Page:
Patient factors are diseases or illnesses that impair wound healing. The three principle examples are infection, malnutrition and diabetes.
An infection of the surgical incision impairs wound healing. In part, this may be because sutures and tissues are destroyed by the infection.
leads to poor wound healing because the nutrients necessary for good healing are present in insufficient quantities or are completely absent. Malnutrition may be a generalized condition in which proteins and energy are deficient, or a specific condition, such as lack of a specific vitamin. Scurvy, which results from vitamin C deficiency, is an example of a deficiency in one key nutrient that leads to poor wound healing. Diabetes Mellitus
also impairs wound healing and is associated with a higher incidence of hernia formation than the general population. Diabetes affects wound healing by impairing the function of white cells, predisposing the patient to infection and limiting the ability of new blood vessels to grow into the healing area. Chronic illness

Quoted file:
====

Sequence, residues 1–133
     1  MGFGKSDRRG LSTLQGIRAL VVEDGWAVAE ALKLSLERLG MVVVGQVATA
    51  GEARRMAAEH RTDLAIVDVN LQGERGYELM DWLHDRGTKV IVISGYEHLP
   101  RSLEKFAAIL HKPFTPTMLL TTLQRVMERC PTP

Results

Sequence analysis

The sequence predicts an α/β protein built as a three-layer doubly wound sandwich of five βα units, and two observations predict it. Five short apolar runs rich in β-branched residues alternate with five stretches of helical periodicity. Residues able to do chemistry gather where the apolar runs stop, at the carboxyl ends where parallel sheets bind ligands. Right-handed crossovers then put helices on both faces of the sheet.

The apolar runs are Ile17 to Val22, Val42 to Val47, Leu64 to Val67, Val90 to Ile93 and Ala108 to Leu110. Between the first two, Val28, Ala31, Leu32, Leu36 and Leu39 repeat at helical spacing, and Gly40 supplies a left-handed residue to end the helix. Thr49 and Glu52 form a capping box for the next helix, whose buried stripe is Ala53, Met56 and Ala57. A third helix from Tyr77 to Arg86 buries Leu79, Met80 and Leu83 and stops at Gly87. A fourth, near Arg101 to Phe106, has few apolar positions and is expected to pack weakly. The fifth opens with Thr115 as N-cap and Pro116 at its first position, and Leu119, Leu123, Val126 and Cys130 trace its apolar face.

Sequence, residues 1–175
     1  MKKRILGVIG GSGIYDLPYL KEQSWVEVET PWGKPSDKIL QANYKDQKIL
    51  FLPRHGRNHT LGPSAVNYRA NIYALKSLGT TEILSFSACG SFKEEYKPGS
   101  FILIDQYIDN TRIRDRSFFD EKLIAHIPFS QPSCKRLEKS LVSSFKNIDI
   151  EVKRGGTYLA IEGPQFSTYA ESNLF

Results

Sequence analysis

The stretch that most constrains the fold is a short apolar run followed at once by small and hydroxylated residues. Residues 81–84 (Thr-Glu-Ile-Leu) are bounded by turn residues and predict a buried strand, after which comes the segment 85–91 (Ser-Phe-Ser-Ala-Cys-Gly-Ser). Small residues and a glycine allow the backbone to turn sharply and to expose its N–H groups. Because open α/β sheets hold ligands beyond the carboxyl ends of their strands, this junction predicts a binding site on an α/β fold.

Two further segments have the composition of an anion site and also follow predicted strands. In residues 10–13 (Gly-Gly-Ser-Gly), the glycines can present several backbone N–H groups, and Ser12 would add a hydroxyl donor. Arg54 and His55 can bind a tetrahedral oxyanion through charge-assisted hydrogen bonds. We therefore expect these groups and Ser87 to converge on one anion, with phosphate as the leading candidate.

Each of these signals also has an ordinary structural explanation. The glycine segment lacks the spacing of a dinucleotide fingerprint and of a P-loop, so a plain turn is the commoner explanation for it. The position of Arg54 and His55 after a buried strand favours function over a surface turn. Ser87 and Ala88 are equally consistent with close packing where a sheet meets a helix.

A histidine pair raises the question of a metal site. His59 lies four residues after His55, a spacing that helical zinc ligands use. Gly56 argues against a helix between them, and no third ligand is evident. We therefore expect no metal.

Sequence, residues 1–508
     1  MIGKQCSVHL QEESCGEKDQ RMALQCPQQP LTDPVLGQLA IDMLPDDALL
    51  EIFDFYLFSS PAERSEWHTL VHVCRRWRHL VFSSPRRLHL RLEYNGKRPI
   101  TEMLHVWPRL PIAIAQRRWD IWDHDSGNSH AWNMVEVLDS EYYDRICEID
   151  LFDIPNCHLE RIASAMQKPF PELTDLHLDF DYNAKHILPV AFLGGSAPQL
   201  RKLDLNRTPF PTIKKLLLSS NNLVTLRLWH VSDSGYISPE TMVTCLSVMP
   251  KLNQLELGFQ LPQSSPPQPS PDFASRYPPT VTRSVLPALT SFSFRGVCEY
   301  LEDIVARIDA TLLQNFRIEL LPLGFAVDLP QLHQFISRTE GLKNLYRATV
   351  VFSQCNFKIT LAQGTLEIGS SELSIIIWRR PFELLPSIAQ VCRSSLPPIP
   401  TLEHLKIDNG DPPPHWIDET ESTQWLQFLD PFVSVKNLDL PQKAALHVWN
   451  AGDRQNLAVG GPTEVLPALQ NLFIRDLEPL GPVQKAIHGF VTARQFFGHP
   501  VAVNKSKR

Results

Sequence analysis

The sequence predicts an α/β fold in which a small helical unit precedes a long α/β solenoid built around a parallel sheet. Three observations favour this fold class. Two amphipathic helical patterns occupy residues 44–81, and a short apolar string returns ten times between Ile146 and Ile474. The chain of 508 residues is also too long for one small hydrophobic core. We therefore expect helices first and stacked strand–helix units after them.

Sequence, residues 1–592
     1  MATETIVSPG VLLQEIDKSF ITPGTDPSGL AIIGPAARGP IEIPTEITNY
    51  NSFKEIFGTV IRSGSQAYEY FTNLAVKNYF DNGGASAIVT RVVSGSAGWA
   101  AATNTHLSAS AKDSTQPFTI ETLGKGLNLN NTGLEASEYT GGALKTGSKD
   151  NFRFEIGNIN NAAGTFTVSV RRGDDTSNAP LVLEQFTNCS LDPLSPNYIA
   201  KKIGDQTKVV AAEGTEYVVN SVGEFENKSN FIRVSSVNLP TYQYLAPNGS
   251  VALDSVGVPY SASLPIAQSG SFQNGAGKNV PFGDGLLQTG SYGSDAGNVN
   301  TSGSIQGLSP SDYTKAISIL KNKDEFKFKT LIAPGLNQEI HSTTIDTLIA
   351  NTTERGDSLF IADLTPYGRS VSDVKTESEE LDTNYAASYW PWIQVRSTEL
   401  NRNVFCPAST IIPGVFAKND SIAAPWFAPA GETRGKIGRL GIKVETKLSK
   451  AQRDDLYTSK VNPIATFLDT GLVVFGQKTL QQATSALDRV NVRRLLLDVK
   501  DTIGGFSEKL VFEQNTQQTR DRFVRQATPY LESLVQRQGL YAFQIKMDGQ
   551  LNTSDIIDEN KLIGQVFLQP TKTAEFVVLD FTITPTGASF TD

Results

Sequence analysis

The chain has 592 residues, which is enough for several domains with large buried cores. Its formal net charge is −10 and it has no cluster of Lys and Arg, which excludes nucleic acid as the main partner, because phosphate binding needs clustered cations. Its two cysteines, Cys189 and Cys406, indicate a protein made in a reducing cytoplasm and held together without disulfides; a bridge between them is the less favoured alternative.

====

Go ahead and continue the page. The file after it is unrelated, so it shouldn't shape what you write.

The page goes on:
of any type also affects wound healing through problems with nutrition and a general increase in inflammation.Technical factors
The principle technical factor that leads to an Incisional hernia is too much tension on the incision when it is closed. This can lead to: Tearing-
Tension sutures can tear through the tissue when added stress is placed on it, such as during coughing or lifting. Decreased blood supply-
Excessive tissue tension can also reduce blood flow to the tissue around the suture itself. This leads to breakdown of the tissue and the suture pulls through.
Other technical factors unrelated to tissue tension may also play a role. For example the sutures may have been placed in weak tissue, the wrong layer of tissue may have been sutured, the suture may have broken or the suture may not have been strong enough for the tension it is later subjected to.